The top-selling book on Amazon this week isn’t a volume from the "Game of Thrones" saga, a tie-in to the movie "Frozen" or a boy’s tale about the reality of heaven. No, it's a nearly 700-page historical treatise on economics that some are saying will be remembered as a watershed moment in our understanding of money.
"Capital in the Twenty-First Century," by French economist Thomas Piketty, is a dense read, peppered with tables and charts and allusions. But it's leaving all other books—even the latest by Michael Lewis, the great populist writer of all things money—in the dust.
The yawning disparity in wealth between average households and the super-rich is no secret. Even Google’s Eric Schmidt recently labeled the wealth divide as "the No. 1 issue of democracies." But there has been a sense that this new Gilded Age is an aberration of our times, driven by the simultaneous rise of globalization, the might of China and the technological revolution.
Piketty’s research in “Capital” suggests the opposite—that we are seeing a historical return to the norm of wealth clustered in relatively few hands, and that the true aberration was the period from 1930 to 1975 when the world saw a more equitable rise of fortunes bootstrapped by governments during the Great Depression, World War II and the Cold War.
Piketty’s work takes aim at the central tenet that has guided economic policy in the West since the Reagan era—trickle-down economics, that “all ships rise” with the tide of wealth at the top. His examination of centuries’ worth of tax records in the U.S., France, the United Kingdom, Japan and Germany shows that wealth consistently “trickles up.”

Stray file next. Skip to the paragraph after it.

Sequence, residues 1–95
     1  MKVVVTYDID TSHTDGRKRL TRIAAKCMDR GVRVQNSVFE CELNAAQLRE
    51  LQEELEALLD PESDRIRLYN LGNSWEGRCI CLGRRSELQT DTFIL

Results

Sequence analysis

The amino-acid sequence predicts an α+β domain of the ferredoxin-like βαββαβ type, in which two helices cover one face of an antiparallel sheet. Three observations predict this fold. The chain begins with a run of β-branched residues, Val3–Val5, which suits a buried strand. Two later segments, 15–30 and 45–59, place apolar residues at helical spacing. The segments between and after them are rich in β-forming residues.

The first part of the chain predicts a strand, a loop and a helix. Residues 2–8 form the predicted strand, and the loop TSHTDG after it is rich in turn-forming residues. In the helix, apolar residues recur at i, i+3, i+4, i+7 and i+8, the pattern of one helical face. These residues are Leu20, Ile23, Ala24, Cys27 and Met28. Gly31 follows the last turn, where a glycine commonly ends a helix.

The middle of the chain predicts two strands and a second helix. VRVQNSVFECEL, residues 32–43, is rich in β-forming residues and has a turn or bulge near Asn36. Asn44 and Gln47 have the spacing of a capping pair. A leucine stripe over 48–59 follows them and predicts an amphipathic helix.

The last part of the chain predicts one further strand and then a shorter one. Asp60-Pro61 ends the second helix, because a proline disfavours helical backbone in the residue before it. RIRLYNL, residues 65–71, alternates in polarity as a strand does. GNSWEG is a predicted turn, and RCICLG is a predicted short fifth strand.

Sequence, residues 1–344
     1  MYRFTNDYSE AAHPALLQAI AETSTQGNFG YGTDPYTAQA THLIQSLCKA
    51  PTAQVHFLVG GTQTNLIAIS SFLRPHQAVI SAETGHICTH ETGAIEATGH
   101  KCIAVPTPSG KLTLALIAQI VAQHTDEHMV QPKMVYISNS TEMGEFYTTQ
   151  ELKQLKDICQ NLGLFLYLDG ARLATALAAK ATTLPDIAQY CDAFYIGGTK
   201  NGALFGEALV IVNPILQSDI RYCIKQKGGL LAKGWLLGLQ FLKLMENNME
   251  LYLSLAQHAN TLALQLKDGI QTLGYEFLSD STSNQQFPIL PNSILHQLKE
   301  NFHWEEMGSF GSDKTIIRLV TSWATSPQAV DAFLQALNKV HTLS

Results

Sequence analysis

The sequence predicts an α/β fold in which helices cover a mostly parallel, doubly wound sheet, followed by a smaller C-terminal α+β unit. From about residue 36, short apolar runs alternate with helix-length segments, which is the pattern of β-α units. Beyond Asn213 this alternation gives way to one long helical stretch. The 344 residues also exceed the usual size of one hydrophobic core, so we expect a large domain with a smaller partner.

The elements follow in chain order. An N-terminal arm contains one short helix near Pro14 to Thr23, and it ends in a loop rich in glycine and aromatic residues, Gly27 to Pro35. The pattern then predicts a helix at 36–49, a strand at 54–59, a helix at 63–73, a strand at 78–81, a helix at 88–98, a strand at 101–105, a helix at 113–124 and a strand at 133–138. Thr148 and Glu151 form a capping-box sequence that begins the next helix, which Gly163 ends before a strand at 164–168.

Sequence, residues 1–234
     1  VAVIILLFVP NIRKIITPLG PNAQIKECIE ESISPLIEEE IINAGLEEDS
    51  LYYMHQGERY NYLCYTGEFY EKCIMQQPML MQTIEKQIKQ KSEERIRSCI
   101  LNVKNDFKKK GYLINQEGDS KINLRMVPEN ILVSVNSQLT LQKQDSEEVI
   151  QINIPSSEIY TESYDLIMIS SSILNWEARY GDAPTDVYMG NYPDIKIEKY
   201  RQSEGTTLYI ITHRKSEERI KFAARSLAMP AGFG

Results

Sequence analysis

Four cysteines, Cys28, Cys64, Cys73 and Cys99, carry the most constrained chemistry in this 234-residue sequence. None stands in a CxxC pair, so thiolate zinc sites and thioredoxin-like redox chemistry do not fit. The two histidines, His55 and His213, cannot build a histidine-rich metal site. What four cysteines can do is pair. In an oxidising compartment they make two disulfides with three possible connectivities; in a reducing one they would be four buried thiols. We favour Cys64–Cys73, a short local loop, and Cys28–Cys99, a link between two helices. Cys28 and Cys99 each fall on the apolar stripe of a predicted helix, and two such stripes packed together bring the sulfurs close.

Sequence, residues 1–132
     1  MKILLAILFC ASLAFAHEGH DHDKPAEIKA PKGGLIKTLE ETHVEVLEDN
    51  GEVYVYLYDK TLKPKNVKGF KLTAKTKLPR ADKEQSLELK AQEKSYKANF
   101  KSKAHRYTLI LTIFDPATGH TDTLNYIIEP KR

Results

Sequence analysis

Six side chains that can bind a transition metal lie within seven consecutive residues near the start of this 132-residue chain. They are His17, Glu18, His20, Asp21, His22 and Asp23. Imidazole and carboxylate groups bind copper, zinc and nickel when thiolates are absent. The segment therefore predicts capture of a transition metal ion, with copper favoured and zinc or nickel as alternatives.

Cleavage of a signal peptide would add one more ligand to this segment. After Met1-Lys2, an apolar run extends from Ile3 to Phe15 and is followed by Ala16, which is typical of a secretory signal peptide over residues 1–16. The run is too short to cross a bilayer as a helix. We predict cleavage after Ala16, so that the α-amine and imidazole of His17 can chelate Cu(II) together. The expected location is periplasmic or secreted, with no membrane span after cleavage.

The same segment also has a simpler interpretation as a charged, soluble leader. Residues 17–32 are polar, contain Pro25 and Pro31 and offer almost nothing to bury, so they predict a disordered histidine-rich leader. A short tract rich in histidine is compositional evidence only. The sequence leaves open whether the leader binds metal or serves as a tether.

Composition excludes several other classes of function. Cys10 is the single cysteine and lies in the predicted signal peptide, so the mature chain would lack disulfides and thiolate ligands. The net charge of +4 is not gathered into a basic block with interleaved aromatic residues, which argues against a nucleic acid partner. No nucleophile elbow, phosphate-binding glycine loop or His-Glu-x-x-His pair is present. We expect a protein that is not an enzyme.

The broad popularity of the book suggests that this “is being discussed with equal fervor by the world’s top economic policy makers and middle class Americans who wonder why they haven’t gotten a raise in years,” writes Rana Foroohar of Time magazine.
The book also takes aim at the American ideal that new wealth is largely born of sweat from the brow of entrepreneurs like Mark Zuckerberg and Elon Musk. Inherited money is a much bigger player than previously thought.
“The big idea of 'Capital in the Twenty-First Century' is that we haven’t just gone back to nineteenth-century levels of income inequality, we’re also on a path back to ‘patrimonial capitalism,’ in which the commanding heights of the economy are controlled not by talented individuals but by family dynasties,” Nobel Prize-winning economist Paul Krugman argues in the New York Review of Books.
“It’s a work that melds grand historical sweep—when was the last time you heard an economist invoke Jane Austen and Balzac?—with painstaking data analysis,” Krugman writes. “Piketty has transformed our economic discourse; we’ll never talk about wealth and inequality the same way we used to.”
With a title like “Capital,” and its inherent allusion to Karl Marx’s “Das Kapital,” there has been much suggestion that the book heralds the rise of "Millennial Marxism" (see also: “Marx Rises Again," "The new Marxism" and "Taking On Adam Smith (and Karl Marx)).
Most alarming for the wealthy is Piketty’s prescription to turn the tide: an 80% tax rate on incomes starting at "$500,000 or $1 million” and a 50%-60% tax rate on incomes as low as $200,000—if only "to put an end to such incomes"—and a tax of 10%-20% on existing wealth. A skeptical Daniel Shuchman writes in the Wall Street Journal: “Instead of Austen and Balzac, the professor ought to read 'Animal Farm' and 'Darkness at Noon.'"
If history is a guide, Piketty believes a modern “storming of the Bastille” will occur if taxation and finance policy don’t address the divide between the haves and have-nots.
“That’s one of Piketty biggest messages—inequality will slowly but surely undermine the population’s faith in the system. He doesn’t believe, as Marx did, that capitalism would simply burn itself out over time,” writes Foroohar. “But he does believe that rising inequality leads to a less perfect union, and a likelihood of major social unrest that mirrors the sort that his native France went through in the late 1800s.”
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Illustration by Brian Yee.